David seeks the Lord saying, ב חָנֵּנִי אֱלֹהִים כִּי-שְׁאָפַנִי אֱנוֹשׁ כָּל-הַיּוֹם לֹחֵם יִלְחָצֵנִי: ג שָׁאֲפוּ שׁוֹרְרַי כָּל-הַיּוֹם כִּי-רַבִּים לֹחֲמִים לִי מָרוֹם: ד יוֹם אִירָא אֲנִי אֵלֶיךָ אֶבְטָח: 56:1 Be gracious to me, O God, for man has trampled upon me; Fighting all day long he oppresses me. 56:2 My foes have trampled upon me all day long, For they are many who fight proudly against me. 56:3 When I am afraid, I will put my trust in You. (NASB) In these verses, David repeats himself saying כָּל-הַיּוֹם (all the day) in Tehillim / Psalms 56:1 and 56:2. We can organize the first three verses in the Masoretic Text in the following way:

כָּל-הַיּוֹם לֹחֵם יִלְחָצֵנִי 56:1

כָּל-הַיּוֹם כִּי-רַבִּים לֹחֲמִים לִי מָרוֹם 56:2

יוֹם אִירָא 56:3

Notice the repetition of all the day long,” “all the day long,” and “the day of my fear.” As we know, while studying the Hebrew bible, every word and every letter of the Hebrew Scriptures is significant. David appears to be repeating these phrases as shown in the following exert from the Masoretic Text.

In the Jewish understanding of Scripture, there is no such thing as repetition for its own sake. In other words, if a word or phrase is repeated, there is something the author and our Father in heaven are trying to convey. Repetition is not simply a matter of saying the same thing over again for emphasis which may be eliminated without losing anything. Each letter and phrase has a specific purpose in the Hebrew bible. As a result of this, the rabbis and Jewish scholars examine repeating elements more closely to discover what is different between the two (or more) repeat cases, and what the Lord is trying to say in each occurrence. There are basic differences in the way the Scriptures are read, interpreted and taught in the Jewish Torah-scholar (rabbinic) community, as compared to the Christian Biblical-scholar (seminary) community. It is important to recognize that the rabbinic interpretations taken out of the Tanach (Torah, Prophets, Writings) and recorded in the Midrashim and the Talmud are not necessarily “mental gymnastics” or the abuse of Scripture.” To the contrary, the writings of the Sages are designed to teach a spiritual truth and these same methods were used by the Messiah Yeshua and His disciples in the Apostolic Writings. Learning to read the Scriptures as they did tends to unlock previously mystifying verses in the Apostolic Writings. In this particular set of verses (56:1-3), David appears to be laying out his case for the Lord. Man has trampled him all the day long, his foes trample him all the day long, and on the day of fear, He will put his trust in the Lord. “All the day (56:1), All the day (56:2), in the day of his fear (56:3)” the repeat emphasis appears to be placed upon David’s enemies being overwhelming and outweighing all else, however, in the day of fear, trusting in the Lord is all we can do. When our enemies come against us, we can trust the One who is able to change the hearts of men.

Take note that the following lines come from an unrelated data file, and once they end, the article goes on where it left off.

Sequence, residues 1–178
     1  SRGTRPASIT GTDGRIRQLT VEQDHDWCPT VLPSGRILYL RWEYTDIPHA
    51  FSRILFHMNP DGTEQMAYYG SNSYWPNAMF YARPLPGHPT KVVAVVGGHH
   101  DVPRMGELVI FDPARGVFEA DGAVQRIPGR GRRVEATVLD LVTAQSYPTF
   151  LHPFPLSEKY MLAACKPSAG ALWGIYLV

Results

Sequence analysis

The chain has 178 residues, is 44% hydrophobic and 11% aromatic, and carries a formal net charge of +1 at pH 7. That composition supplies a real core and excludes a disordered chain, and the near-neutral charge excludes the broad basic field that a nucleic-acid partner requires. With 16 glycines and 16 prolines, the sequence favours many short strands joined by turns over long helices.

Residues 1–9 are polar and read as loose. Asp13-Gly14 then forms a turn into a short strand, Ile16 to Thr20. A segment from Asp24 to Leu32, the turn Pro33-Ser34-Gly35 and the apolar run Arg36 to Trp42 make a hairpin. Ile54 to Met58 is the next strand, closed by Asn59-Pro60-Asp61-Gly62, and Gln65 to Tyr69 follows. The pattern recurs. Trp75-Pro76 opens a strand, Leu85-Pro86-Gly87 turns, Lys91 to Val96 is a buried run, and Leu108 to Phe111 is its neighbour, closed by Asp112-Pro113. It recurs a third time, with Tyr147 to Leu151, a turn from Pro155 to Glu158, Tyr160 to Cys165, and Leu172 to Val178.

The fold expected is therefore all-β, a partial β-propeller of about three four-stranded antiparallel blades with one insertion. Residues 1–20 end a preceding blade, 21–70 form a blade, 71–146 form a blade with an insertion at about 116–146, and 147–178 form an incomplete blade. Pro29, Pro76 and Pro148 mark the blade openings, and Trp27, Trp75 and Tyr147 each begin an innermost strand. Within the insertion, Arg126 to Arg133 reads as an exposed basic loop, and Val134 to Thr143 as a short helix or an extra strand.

According to his Psalm, David’s trust in the Lord is unwavering, ה בֵּאלֹהִים אֲהַלֵּל דְּבָרוֹ בֵּאלֹהִים בָּטַחְתִּי לֹא אִירָא מַה-יַּעֲשֶֹה בָשָֹר לִי: 56:4 In God, whose word I praise, In God I have put my trust; I shall not be afraid. What can mere man do to me? (NASB) We hear often the phrase “Praise God,” this is a common phrase used in the vernacular in the Christian and Messianic circles, but what does it really mean? David says בֵּאלֹהִים אֲהַלֵּל דְּבָרוֹ “in God I praise His word,” therefore the best place to look is in the Scriptures to define the meaning of “Praise God!” The book of the Psalms is well known for its focus upon praising God. In this passage (56:4), the Hebrew word for praise is halel” (אֲהַלֵּל) which means “to praise, glorify, laud, commend.” This word is part of the well know word “Halleluia” meaning “Praise the Lord.” There are multiple Hebrew words that may be translated as “praise,” and it does not necessarily have just one definition. For example, from Tehillim / Psalm 118:28–29, the Hebrew word for “praise” is yadah, which means to praise, give thanks, or confess. In fact, the word translated “give thanks” later on in the passage comes from the same Hebrew word used earlier for “praise.” Another example, there are two different Hebrew words for “praise” in Tehillim / Psalm 149:3, ג יְהַלְלוּ שְׁמוֹ בְמָחוֹל בְּתֹף וְכִנּוֹר יְזַמְּרוּ-לוֹ: “Let them praise [halal] His name with the dance; Let them sing praises [zamar] to Him with the timbrel and lyre.” (NASB) Halal means to praise, glorify, boast, commend, and zamar means to make music or sing praises. The significance of giving God praise is to exalt Him and His name. This may be the reason why David quickly follows the declaration of praise with exalting God. He praises the Lord in song, and singing praises to God which was common in his day. The purpose of the Psalms is to give the Lord praise, this is indicated by the numerous songs on praise. We can also praise the Lord in dance, prayer, proclamations, and studying God’s Word, etc. David says לֹא אִירָא מַה-יַּעֲשֶֹה בָשָֹר לִי “I shall not be afraid. What can mere man do to me?” Here he used the words מַה-יַּעֲשֶֹה בָשָֹר לִי “what can flesh do to me?” where flesh is a reference to man and is translated as such in the NASB. What man or the enemy does is distort David’s words by committing Lashon Harah for the purpose of taking his life.